Tougher visa standards and higher wine tariffs challenge North Bay firms in 2019
President Donald Trump’s various tariff spats with China, the European Union, Canada, and other countries have largely affected manufacturing and other large industries, but the North Bay has not been completely spared.
Imposing import tariffs as Trump has on items from electronics to steel and beyond always runs the risk of retaliatory taxes on U.S. goods sent abroad. And that could include the North Bay’s most prized export, wine.
That is unsettling news for the North Bay and U.S. wine industry overall, which has had enough trouble increasing sales each year. The Business Journal previously reported that U.S. wine sales overall last year were 407 million 9-liter cases, only up about 1% from 2017, with the projection of sales this year around 411 million cases or about another 1% growth year.
In October, the Trump administration placed tariffs on $7.5 billion worth of European imports, including a 25% tax on bottled table wine from France, Spain, Germany and the United Kingdom.
That hands the sword over U.S. wine exports to Europe. The Press Democrat previously reported the EU is the most significant export market for American wines, with over $450 million worth of wines, 90% of it from California, shipped to Europe in 2018.
Tariffs are also not the only national federal policy affecting North Bay industries.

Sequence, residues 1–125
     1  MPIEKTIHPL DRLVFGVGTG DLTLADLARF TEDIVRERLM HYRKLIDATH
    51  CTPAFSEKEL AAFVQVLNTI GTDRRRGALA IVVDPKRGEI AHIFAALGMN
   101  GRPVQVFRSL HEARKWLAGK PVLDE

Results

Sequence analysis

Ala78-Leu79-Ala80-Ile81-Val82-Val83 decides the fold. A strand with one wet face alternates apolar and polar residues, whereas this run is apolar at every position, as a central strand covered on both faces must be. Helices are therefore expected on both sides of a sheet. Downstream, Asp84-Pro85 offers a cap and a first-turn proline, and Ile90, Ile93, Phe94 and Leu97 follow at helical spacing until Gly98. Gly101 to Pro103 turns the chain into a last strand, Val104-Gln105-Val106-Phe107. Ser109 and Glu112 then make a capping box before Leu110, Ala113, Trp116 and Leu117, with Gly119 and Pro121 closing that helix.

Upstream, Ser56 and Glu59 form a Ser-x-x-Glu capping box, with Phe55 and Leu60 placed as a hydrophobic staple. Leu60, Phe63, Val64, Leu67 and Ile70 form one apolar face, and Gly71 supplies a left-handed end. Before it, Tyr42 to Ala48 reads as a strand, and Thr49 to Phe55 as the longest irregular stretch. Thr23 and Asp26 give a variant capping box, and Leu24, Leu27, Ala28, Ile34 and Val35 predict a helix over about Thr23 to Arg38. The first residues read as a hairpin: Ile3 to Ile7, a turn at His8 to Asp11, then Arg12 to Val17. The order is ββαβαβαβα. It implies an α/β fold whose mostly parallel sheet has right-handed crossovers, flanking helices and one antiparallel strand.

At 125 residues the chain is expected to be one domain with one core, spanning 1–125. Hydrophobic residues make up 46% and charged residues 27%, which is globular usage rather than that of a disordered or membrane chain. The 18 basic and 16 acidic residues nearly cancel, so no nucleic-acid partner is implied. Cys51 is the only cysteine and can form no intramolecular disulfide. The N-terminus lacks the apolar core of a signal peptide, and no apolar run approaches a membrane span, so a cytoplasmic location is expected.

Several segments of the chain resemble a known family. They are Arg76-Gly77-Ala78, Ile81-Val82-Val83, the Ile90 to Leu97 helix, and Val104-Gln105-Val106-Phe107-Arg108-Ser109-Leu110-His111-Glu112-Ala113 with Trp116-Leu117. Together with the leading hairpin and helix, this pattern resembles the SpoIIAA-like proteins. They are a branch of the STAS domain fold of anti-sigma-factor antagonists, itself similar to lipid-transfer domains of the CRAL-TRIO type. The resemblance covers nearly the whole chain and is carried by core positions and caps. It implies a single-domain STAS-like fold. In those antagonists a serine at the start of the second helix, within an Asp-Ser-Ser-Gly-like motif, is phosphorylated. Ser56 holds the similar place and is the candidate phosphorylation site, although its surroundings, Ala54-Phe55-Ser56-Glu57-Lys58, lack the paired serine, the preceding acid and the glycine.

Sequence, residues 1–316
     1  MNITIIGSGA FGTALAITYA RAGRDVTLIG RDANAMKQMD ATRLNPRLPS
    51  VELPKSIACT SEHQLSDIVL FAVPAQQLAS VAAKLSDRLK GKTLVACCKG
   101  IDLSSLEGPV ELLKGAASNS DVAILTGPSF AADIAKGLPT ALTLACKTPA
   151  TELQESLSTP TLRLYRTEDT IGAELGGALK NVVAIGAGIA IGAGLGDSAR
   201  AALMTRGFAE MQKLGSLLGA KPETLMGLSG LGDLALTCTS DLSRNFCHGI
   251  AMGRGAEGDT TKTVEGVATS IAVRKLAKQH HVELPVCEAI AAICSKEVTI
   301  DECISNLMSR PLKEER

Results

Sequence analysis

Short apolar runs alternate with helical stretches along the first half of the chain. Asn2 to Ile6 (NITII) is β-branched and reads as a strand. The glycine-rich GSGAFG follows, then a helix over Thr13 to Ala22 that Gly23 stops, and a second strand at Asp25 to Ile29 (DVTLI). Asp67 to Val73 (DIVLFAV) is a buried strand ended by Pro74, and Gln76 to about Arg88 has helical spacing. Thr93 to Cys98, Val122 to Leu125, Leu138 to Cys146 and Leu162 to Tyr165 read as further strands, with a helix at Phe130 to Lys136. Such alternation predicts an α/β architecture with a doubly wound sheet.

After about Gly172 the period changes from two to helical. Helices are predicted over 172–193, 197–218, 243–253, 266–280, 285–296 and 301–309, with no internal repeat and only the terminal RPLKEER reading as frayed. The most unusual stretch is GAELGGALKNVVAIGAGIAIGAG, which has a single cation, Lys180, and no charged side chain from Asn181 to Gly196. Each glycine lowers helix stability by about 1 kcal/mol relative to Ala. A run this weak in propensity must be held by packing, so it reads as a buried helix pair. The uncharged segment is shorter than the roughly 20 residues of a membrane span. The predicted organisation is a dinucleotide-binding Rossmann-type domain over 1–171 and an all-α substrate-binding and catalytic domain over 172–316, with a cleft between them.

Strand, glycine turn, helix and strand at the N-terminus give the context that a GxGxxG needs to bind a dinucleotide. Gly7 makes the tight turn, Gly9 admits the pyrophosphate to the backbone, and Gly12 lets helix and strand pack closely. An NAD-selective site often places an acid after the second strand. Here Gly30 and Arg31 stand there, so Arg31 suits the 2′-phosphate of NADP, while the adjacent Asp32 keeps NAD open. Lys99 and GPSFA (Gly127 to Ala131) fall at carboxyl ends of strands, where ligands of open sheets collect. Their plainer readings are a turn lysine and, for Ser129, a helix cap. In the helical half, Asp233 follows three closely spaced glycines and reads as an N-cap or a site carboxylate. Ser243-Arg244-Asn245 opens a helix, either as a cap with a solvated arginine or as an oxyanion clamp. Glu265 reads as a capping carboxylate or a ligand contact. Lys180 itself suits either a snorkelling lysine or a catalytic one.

The Trump administration has changed how companies can hire workers through the H-1B visa program, which designed to fill high-skilled jobs with foreign talent where U.S. candidates are lacking. The administration has long been wary of the program as potentially replacing U.S. workers.
The number of overall applications spiked during the April application season, rising to just over 201,000 total applications, up from around 190,000 the year before, according to U.S. Citizenship and Immigration Services.
That is notable, especially since denial rates have trended up over the last few years, from 10% in fiscal 2016 to 13% in fiscal 2017 to 24% in fiscal 2018, according to the National Foundation for American Policy.
Recent regulatory changes by the Trump administration have also made it harder to go through third party contractors to hire skilled foreigners with the visas, the Business Journal previously reported, a potential threat to technology companies in the North Bay who rely on some workers with the visas.
That is because directly sponsoring H-1B workers is not the only way to access that labor pool and some staffing firms sponsor large numbers of the workers, then “lease” them for short periods to third party companies.
Earlier this year, the administration rolled out new guidance requiring detailed descriptions of what work H-1B workers at third-party work sites will do, proof of an employer-employee relationship at the work site, the length of the project they will work on, and other requirements.